Here's something pretty cool: the police now have the technology to scan up to 900 license plates per hour as cars drive by. This technology, called The Mobile Plate Hunter 900, captures around 85% of the plates it actually scans - the other 15% or so can't be read b/c of the angle of the car, etc. The license plate number can then be searched in the National Crime Information Center's database, and if there's a match, the police pulls the car over and sends the driver to a Pound-Me-in-the-Ass Penitentiary.
This technology is helping to find stolen cars, round up people with felony warrants, etc. Sounds good to me!
Of course, there are always those who consider technology to be evil, and in this particular case, that bastard entity is the ACLU.
The ACLU, or American Civil Liberties Union, is an organization that helps people to fight for their individual freedoms. That sounds good in theory. But when you realize that the ACLU has helped to defend the KKK, pedophiles, neo-Nazis... well, you get the point, the ACLU is basically a terrorist organization.
The ACLU is against the Mobile Plate Hunter technology because, in their opinion, it's an "infringement on a driver's right to privacy."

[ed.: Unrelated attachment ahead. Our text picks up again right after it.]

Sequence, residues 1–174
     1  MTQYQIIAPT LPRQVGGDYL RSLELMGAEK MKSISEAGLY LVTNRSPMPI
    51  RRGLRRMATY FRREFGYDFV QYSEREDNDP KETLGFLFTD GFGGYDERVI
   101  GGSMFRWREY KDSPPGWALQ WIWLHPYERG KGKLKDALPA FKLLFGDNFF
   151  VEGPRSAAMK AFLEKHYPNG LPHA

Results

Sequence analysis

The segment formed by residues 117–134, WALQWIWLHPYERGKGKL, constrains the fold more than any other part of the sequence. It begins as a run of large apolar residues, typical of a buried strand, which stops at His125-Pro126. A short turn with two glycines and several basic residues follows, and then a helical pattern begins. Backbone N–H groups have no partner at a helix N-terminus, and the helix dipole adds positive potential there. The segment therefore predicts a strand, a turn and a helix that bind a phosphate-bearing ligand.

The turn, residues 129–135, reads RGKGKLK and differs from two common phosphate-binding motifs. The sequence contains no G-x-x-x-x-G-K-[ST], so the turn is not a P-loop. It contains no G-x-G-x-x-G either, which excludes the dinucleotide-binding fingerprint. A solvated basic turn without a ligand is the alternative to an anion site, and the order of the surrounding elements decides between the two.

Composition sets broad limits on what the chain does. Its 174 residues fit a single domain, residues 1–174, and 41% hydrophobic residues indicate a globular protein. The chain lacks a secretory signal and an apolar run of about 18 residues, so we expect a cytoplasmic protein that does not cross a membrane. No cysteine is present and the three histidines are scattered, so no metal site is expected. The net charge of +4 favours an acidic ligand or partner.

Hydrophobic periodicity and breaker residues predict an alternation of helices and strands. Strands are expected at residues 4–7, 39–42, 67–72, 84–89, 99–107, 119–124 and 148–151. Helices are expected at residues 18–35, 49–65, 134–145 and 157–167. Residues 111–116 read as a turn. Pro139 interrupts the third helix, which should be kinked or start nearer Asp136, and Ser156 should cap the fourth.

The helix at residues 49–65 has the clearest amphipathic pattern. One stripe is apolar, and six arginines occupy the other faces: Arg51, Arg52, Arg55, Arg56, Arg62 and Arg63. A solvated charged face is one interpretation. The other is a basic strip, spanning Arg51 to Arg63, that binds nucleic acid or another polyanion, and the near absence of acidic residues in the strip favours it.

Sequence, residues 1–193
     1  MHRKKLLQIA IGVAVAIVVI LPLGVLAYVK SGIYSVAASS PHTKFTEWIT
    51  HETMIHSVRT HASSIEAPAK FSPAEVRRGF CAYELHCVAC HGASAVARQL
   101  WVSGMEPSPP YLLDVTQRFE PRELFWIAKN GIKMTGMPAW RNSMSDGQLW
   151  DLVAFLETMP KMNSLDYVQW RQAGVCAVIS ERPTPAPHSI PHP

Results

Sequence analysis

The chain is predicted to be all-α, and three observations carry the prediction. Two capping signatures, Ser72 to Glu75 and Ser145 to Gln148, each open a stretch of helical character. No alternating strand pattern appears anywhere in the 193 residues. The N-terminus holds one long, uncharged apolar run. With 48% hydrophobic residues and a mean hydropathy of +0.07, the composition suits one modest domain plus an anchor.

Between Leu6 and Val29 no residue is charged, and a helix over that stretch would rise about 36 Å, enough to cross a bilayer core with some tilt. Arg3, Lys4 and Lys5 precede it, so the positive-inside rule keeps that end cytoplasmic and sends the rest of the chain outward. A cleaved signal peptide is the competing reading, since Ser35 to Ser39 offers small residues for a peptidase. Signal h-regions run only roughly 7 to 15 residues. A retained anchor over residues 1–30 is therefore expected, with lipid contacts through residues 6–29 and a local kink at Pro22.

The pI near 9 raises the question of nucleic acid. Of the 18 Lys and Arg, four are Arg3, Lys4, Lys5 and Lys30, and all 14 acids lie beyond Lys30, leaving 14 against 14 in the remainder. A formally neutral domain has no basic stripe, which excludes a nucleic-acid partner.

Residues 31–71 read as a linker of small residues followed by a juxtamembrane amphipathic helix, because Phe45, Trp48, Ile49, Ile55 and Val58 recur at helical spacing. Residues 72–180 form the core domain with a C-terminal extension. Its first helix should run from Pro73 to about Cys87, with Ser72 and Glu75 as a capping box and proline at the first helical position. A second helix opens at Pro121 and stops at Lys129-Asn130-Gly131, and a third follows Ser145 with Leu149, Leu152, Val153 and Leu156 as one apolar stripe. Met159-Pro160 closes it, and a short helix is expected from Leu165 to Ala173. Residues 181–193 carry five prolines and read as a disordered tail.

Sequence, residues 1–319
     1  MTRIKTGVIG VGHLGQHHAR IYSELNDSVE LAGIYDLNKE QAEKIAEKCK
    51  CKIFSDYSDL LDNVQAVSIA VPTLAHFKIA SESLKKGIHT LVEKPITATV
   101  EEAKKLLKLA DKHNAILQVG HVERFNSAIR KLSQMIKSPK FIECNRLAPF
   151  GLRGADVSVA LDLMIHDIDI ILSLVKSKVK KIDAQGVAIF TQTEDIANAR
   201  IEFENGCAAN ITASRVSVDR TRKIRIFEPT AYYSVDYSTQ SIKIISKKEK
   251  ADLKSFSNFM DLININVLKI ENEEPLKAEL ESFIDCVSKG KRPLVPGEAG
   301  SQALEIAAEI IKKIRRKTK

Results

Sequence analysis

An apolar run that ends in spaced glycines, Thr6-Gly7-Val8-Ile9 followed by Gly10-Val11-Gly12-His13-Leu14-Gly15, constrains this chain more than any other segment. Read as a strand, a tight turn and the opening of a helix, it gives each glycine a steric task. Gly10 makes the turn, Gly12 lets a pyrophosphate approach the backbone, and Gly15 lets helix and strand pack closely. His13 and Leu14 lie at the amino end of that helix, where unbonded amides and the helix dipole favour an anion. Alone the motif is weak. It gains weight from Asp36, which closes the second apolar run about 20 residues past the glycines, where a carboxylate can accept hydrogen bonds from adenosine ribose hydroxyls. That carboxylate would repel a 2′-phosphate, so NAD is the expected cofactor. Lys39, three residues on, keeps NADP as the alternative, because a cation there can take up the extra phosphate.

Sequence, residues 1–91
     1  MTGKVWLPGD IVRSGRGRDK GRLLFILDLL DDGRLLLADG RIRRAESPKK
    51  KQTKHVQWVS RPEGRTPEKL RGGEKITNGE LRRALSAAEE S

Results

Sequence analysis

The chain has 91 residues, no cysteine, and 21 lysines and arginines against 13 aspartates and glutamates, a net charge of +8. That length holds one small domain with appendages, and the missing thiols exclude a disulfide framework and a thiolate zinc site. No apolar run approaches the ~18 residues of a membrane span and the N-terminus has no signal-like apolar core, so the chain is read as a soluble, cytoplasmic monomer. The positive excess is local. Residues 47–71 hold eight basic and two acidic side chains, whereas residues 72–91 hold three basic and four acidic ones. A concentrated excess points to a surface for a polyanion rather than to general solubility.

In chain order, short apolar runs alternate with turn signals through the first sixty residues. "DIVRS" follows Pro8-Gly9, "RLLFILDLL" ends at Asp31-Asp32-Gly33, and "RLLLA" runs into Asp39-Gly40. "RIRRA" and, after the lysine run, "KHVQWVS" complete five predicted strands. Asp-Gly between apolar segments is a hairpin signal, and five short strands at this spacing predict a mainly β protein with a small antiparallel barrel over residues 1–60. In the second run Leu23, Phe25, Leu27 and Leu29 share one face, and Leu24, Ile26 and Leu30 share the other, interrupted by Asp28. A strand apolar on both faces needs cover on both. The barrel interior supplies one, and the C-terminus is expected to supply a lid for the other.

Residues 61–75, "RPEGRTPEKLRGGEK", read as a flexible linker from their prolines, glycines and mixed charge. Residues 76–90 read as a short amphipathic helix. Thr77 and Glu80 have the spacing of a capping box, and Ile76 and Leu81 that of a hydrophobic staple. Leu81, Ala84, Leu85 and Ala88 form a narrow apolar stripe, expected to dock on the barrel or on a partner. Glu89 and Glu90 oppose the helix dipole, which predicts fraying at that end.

Of course, we all know that if you do something in public, and if someone captures it on film, then you can't claim that it was a "private act" and someone was spying on you because - as was previously noted - you were in the public's view. Apparently the ACLU needs a lesson on public domain.
Now don't get me wrong - I'm against anyone, especially the government, poking their noses where they don't belong (unless the person attached to the nose is really hot). But this is a case where the item in question - the license plate - is already visible. To protect privacy we could just as easily pay millions of dollars more in taxes to have more police patrolling the streets so your car doesn't get stolen in the first place.
Of course, speaking strictly in terms of privacy, it would be nice to have time limits on the records captured by the system. Let's say a month. Anything stored for over the past month is then deleted or archived.
Just imagine how powerful this technology could be if it only had Sirius Satellite Radio built into it!
To Serve Man, with Software
2 months ago